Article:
Learning & Unlearning: Building an Anti-Racist Community at UGM
The past few weeks we have all been grappling with the racist violence that has shaken our world. We have refocused our attention on the deep pain being inflicted on minorities, whether they be Black, Indigenous or People of Colour (BIPOC). More than ever, we are becoming more aware of the deeply rooted racism that remains present in our lives: In Canada, Vancouver, the Downtown Eastside, and, yes, even here at UGM.
As a faith-based organization, we condemn all racism of any kind. To be clear: We have no tolerance for racism at UGM. Racism is contrary to the heart of our mission: to demonstrate the love of Christ by serving without discrimination — overcoming poverty, homelessness and addiction — one life at a time.
While we condemn racism, we need to acknowledge the painful reality that this injustice exists all around us — and even within us — in systemic, repugnant and devastating ways. As sad, confusing, and angering as it is, we know that racism is a problem that remains pervasive in our country, city, and organization. In light of that, UGM is firmly committing to doing better to be anti-racist: to humbly and persistently dismantle and deconstruct the tools of oppression, colonialism and white supremacy that continue to devastate our community. What has happened in the past few weeks has been a long-overdue wake-up call for our world, including us at UGM. It’s not easy to talk about racism, but we must. And that means talking about uncomfortable truths we might rather ignore today, or pretend didn’t happen in the past.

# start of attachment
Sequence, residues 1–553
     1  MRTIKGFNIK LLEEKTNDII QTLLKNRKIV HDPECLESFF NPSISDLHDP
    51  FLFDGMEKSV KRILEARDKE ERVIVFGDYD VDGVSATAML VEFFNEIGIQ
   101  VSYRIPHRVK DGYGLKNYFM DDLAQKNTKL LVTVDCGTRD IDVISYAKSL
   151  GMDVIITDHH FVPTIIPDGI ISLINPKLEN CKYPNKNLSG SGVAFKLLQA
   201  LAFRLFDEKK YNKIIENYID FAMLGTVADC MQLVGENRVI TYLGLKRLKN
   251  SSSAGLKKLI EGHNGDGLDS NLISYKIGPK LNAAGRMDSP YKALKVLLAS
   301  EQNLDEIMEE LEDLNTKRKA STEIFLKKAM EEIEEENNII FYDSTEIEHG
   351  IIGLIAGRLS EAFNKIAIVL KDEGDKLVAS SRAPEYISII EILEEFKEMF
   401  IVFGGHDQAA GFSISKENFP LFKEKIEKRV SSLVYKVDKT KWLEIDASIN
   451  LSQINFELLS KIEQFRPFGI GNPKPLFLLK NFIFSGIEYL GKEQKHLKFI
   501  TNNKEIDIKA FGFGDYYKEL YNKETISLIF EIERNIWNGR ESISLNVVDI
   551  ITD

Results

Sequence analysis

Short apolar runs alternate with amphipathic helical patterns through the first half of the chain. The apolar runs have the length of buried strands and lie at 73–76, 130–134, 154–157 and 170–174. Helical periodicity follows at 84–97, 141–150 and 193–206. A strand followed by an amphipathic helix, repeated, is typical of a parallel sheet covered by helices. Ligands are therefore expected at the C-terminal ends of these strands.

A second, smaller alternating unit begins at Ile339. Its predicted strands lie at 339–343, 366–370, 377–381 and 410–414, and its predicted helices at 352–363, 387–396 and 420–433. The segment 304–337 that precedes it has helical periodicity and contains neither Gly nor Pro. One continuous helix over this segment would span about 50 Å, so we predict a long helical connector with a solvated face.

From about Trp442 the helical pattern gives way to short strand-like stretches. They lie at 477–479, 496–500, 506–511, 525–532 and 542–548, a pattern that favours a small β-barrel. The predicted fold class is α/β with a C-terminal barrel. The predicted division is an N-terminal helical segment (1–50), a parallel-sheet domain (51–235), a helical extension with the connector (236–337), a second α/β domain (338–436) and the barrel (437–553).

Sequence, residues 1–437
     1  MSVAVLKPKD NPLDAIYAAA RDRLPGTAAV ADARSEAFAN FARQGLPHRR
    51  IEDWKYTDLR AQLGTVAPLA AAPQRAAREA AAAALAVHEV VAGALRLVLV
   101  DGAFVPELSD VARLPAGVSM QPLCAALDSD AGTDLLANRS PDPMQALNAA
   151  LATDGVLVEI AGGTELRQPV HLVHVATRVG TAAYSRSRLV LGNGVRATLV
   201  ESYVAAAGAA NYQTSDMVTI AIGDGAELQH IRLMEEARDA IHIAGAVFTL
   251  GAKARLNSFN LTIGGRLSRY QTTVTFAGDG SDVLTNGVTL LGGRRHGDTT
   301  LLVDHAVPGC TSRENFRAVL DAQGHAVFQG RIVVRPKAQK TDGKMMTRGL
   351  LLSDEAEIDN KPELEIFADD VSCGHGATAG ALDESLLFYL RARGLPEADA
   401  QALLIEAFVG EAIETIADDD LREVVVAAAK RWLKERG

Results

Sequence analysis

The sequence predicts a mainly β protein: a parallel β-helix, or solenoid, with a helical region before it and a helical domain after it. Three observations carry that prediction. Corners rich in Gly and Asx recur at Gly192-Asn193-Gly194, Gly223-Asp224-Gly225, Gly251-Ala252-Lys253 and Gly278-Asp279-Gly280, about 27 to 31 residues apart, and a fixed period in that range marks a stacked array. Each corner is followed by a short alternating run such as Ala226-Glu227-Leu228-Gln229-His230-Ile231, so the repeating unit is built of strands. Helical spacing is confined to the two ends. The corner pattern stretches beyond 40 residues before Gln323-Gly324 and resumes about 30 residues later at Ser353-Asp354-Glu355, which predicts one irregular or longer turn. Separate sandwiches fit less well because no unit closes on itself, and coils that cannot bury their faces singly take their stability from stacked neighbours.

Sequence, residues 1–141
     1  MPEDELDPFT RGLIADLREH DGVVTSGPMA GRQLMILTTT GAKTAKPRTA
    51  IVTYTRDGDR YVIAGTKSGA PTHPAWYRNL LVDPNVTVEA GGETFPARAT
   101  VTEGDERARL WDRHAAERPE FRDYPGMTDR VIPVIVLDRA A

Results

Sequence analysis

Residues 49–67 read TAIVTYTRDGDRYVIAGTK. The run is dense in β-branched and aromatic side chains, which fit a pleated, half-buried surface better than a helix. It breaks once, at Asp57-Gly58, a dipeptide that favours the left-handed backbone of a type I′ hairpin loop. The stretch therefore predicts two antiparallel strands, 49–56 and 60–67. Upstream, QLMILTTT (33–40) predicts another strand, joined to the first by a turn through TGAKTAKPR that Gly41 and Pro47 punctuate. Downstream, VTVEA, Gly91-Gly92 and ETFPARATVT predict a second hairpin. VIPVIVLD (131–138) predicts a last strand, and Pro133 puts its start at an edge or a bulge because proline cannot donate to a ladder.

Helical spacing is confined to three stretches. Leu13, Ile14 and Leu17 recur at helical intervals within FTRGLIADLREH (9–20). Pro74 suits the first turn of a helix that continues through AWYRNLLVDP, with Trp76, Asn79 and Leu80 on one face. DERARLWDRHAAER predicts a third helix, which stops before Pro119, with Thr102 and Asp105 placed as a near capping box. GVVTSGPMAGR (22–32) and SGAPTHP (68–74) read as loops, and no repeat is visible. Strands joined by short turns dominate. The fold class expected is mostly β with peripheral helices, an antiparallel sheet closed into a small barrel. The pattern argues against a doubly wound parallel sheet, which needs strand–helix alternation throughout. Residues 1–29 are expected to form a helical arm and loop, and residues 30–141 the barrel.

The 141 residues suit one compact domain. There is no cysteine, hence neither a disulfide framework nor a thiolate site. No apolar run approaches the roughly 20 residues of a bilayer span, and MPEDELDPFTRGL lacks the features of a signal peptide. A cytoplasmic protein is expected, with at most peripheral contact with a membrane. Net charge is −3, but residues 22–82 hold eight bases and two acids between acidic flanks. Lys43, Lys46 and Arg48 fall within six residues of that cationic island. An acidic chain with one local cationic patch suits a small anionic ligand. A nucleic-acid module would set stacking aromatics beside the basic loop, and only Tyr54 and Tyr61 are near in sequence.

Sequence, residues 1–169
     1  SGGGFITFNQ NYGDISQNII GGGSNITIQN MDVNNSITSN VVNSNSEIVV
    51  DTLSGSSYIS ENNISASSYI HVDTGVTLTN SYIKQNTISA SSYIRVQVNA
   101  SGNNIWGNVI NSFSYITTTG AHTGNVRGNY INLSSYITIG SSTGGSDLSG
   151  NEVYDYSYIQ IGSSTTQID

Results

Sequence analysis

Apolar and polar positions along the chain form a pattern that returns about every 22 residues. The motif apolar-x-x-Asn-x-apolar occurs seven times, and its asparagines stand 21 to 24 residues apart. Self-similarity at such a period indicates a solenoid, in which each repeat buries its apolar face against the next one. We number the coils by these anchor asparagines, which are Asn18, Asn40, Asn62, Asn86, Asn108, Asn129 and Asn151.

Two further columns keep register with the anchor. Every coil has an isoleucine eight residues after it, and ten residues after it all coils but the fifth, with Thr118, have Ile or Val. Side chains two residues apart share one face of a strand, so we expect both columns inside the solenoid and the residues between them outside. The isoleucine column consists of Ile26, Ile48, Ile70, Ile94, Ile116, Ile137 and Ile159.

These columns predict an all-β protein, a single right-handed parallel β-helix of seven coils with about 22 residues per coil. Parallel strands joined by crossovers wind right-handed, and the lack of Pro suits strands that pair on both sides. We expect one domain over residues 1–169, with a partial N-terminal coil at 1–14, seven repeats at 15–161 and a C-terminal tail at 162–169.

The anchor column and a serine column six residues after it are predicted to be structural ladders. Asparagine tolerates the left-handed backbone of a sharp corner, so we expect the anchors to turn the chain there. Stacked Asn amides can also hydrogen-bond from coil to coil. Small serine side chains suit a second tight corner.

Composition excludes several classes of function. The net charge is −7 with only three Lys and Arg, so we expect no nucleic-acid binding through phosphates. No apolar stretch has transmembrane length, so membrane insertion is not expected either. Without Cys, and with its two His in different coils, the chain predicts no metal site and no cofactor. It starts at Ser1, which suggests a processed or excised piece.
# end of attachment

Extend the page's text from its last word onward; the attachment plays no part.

We need to ask ourselves hard questions about where racism may have taken seed at UGM, where it may have been historically inherited and where it remains inexcusably active. We must acknowledge that a disproportionately large percentage of our guests are Indigenous. The land on which our seven UGM buildings stand is the traditional unceded territory of the Coast Salish Peoples: the Musqueam, Squamish and Tsleil-Waututh Nations (Vancouver), the Katzie and Kwantlen Nations (Surrey), the Qayqayt Nation (New Westminster) and the Sto:lo Nation (Mission).
Indigenous peoples across Canada face ongoing systemic racism and have faced racism for centuries: from dispossessing them from their land and forcing them onto small reserves to instituting racist laws like the Indian Act to devastating families through residential schools.* Through it all, the Christian church inflicted incredible pain and trauma, notably teachings aimed at assimilating Indigenous Peoples into white Canadian society and stripping them of their languages and cultures: forced conversions, culture shaming, to name a few.
This has led to mass devastation and intergenerational trauma for Indigenous peoples, including being unequally affected by homelessness and the opioid crisis, and Indigenous women and girls being more likely to go missing or be murdered. The Truth and Reconciliation Commission of Canada gathered oral histories of many who were involved in residential schools and is well worth revisiting at this time. When the commission was happening, many at UGM experienced a huge wake-up call while listening to this testimony and taking part in reconciliation events. We are still learning and growing from what we heard and experienced.